Susanka put into words what I had been thinking for years. She believes in designing homes “that favor the quality of its space over the quantity” not "the notion that houses should be designed to impress rather than nurture.”
I’ve always loved small spaces. The home we lived in for almost 18 years was a cottage built in 1925.
840 square feet on the main floor. I loved the intimacy it provided.
In the fall of 2006 we decided to move to the Central Oregon. We knew we wanted another house with a small footprint. We looked at house after house for almost 10 months. Half-way through the process, we realized moving to (at the time) the most expensive part of Oregon, wanting acreage, a house, and no mortgage was going to be a problem. We had to compromise somewhere.
With much grinding of teeth, we began looking at mobile homes on acreage. My husband asked me, “Can interior decorators really live in mobile homes?”
Living in a trailer, with fake paneling, plastic cupboards, shag carpeting, vinyl flooring, aluminum siding and metal slider windows held absolutely no appeal to me.
But after watching our formerly quiet country road in Silverton, sprout 200+ McMansions over the last 10 years, we knew we wanted the peace and quiet acreage would provide.
We bought 5 acres with views of the Three Sisters in Central Oregon’s High Desert.
We have 300+ days of sunshine a year, along with so much privacy I’ve yet to meet any neighbors....and we have a double-wide trailer. Life's funny, isn’t it?
This project has been my biggest design challenge to date. We gutted the entire inside…salvaging and donating items to the Habitat for Humanity resale shop, recycling wood and scrap metal as we went along. We tore out the cardboard and plastic ceilings, rewired and re-plumbed where necessary. We hired a crew to sheetrock over the existing paneling and then we coated the walls and ceiling with both low VOC (Devine) and zero VOC (Yolo) paints. We ripped out the germ-riddled plush carpeting and laid Eco-Timber solid bamboo flooring (using a non-toxic glue) throughout the entire house. We tore out (and recycled) aluminum slider windows, replacing them with energy efficient ones. We repurposed antique furniture into a vanity sink cabinet and linen closets rather than buying new pieces. The kitchen cabinets were purchased from a company who offered a green line of cabinetry. Paperstone (countertops made using 100% recycled paper and a non-toxic resin) was installed in the kitchen. Ten of the light fixtures we installed were found at second hand stores or purchased off Craigslist. We salvaged, reused and repurposed many items making our remodel as green as we could afford, and as beautiful as possible....and we paid cash.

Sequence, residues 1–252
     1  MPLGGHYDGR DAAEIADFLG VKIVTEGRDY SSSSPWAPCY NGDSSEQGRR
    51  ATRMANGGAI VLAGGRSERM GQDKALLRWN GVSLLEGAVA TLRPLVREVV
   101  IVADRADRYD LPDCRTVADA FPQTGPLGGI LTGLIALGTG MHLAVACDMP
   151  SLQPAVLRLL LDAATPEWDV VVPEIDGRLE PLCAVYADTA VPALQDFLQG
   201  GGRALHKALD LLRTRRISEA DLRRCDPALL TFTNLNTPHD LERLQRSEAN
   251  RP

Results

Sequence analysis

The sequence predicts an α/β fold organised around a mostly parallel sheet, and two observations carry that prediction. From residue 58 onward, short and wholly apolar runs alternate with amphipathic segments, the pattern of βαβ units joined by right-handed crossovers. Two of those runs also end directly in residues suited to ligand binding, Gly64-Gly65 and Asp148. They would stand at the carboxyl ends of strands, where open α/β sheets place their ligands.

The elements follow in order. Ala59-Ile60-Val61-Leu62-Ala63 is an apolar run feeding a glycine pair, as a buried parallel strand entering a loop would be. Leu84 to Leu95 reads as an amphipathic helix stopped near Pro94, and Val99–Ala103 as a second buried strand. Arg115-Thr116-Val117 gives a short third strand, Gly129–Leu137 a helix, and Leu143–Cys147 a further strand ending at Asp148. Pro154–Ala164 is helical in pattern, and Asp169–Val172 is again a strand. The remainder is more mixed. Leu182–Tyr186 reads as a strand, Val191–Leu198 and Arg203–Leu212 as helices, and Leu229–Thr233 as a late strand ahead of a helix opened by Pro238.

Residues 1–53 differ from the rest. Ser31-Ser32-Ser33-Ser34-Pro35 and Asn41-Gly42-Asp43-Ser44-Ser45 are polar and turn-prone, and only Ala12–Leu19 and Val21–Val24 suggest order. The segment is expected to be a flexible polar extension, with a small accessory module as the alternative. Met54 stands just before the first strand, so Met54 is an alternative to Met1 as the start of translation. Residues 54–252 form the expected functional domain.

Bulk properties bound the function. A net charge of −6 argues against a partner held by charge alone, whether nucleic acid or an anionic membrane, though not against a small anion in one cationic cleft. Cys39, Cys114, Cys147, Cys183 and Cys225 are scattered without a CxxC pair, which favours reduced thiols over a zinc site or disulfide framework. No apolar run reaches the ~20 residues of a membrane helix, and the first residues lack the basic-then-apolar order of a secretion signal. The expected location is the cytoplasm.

Before and after photos here